The art of punishing […] brings five quite distinct operations into play: it refers individual actions to a whole that is at once a field of comparison, a space of differentiation and the principle of a rule to be followed. It differentiates individuals from one another, in terms of the following overall rule: that the rule be made to function as a minimum threshold, as an average to be respected or as an optimum towards which one must move. It measures in quantitative terms and hierarchizes in terms of value the abilities, the level, the “nature” of individuals. It introduces, through this “value-giving” measure, the constraint of a conformity that must be achieved. Lastly, it traces the limit that will define difference in relation to all other differences, the external frontier of the abnormal. (Michel Foucault, Discipline and Punish)
Here Foucault helps understand the purpose prison concerts could serve in reference to the constant imperative to reform the American penal system. We can image how the album could, at least to a certain extent, intend to alter the public perception of imprisoned: at the end of the album Johnny Cash sings “Greystone Chapel”, a song actually written by one of the prisoners at Folsom Prison, Glen Sherley.
One fact is characteristic: when it is a question of altering the system of imprisonment, opposition does not come from the judicial institutions alone; resistance is to be found not in the prison as penal sanction, but in the prison with all determinations, links and extra-judicial results; in the prison as the relay in the general network of disciplines and surveillances; in the prison as it functions in a panoptic regime. This does not mean that it cannot be altered, nor that it is once and for all indispensable to our kind of society. (Michel Foucault, Discipline and Punish)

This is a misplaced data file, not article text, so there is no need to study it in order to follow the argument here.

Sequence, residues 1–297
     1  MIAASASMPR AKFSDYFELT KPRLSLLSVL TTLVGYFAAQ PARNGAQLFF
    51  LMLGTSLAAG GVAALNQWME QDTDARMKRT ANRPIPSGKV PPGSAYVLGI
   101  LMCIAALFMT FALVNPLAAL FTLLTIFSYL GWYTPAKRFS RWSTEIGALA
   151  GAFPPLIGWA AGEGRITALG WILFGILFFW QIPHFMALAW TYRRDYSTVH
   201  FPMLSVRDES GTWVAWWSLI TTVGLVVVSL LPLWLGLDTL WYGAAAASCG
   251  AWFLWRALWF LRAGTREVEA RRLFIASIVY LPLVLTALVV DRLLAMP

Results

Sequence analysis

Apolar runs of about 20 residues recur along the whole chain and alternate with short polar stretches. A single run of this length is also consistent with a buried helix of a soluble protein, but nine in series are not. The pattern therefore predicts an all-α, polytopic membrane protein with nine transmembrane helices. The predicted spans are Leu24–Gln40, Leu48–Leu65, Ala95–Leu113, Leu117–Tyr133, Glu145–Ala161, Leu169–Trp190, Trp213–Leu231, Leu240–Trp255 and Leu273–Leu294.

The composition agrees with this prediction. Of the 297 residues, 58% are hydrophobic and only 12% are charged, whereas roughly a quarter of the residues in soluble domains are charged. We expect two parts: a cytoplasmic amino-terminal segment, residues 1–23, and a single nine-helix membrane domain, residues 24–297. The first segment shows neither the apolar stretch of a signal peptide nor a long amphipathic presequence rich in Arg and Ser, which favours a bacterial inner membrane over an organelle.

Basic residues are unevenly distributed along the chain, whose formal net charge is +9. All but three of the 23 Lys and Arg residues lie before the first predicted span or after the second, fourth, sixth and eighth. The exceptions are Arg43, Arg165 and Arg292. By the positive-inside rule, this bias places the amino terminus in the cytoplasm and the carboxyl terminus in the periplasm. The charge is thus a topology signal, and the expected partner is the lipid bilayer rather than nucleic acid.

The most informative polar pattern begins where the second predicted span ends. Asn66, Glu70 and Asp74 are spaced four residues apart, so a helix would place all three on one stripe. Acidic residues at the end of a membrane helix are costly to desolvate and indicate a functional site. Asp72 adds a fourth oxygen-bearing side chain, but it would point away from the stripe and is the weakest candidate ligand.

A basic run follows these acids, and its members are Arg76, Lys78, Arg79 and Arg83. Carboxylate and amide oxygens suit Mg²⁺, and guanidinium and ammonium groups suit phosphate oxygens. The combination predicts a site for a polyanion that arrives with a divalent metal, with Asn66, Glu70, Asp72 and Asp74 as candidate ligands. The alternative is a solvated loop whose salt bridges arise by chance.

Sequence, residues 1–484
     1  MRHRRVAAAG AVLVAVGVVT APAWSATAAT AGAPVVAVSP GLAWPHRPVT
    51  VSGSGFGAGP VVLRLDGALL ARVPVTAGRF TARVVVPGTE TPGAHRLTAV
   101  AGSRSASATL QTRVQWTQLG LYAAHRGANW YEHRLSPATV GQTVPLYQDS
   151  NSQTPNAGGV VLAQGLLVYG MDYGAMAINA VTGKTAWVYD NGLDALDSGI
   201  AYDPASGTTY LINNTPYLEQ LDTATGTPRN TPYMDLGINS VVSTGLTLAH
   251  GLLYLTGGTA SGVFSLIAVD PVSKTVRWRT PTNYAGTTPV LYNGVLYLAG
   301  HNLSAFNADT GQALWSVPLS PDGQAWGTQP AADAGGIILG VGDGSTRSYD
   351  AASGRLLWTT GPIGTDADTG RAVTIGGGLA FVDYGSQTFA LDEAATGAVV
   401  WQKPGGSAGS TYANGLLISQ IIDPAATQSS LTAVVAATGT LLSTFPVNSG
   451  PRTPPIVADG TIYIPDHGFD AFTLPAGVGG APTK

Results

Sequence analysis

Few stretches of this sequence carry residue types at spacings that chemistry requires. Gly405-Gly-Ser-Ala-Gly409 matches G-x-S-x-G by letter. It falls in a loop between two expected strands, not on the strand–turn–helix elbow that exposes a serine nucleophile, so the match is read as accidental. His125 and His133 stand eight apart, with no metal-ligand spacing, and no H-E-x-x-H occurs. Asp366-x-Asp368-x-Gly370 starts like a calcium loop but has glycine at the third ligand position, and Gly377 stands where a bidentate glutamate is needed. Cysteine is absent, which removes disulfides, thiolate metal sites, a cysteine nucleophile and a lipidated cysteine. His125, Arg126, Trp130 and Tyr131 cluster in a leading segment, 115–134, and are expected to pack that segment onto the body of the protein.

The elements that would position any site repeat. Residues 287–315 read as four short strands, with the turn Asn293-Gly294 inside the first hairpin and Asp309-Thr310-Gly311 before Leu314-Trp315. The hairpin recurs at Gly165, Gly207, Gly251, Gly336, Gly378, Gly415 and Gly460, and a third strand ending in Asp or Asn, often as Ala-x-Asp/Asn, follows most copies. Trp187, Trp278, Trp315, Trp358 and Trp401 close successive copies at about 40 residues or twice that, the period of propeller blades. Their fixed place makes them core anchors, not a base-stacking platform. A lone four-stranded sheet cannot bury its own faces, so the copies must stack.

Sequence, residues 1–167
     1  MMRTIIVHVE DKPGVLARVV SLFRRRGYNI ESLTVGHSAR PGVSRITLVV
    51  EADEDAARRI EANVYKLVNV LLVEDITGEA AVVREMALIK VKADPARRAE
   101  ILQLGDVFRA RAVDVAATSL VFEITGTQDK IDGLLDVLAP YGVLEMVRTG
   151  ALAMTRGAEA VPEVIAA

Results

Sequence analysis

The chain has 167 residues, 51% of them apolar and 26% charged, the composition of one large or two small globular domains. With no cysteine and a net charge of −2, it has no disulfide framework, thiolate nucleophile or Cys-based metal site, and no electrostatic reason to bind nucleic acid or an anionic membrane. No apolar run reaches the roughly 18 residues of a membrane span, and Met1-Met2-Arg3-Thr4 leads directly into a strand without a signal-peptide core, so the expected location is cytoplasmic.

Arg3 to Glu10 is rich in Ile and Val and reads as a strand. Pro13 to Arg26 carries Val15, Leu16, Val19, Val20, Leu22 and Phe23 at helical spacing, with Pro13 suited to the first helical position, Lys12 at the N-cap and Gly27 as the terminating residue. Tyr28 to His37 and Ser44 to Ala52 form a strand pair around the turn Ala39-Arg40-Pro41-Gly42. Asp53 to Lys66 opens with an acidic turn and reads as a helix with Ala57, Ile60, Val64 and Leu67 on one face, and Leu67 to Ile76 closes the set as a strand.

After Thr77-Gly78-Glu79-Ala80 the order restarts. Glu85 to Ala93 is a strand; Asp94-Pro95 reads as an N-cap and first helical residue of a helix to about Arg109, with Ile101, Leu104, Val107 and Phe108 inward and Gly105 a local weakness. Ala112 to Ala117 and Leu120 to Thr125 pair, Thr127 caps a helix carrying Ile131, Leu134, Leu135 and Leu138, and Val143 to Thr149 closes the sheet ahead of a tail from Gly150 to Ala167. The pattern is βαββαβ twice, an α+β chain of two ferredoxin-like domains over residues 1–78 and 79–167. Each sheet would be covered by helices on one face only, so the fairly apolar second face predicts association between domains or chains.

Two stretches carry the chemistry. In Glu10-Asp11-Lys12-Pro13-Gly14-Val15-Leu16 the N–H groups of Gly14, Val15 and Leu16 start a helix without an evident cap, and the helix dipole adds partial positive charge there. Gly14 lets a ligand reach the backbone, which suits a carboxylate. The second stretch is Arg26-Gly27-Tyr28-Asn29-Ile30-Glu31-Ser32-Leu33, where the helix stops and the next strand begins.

Under this light, one finds special interest in looking at how the voice of the prison itself sips into Johnny Cash’s recording. The post-production sound-editing efforts aimed to partially muffle both the prisoners themselves and all-manner of prison sounds inadvertently heard on the record and to reinforce Johnny Cash’s outlaw image for obvious commercial reasons. In other words, Columbia Records finds ground within the afore-mentioned cultural and political context to cash in on the Cash’s public image as a kind of outlaw singer, emerging out of the deep roots of the folk tradition, who gives a liberating voice to the down-trodden, the imprisoned, the outlaws. The emphasis is put on how Cash can give a voice to them by an effort to eliminate their own voice, still so obviously present in the record, while creating a distorted quasi-nostalgic image of Ol’-America criminality.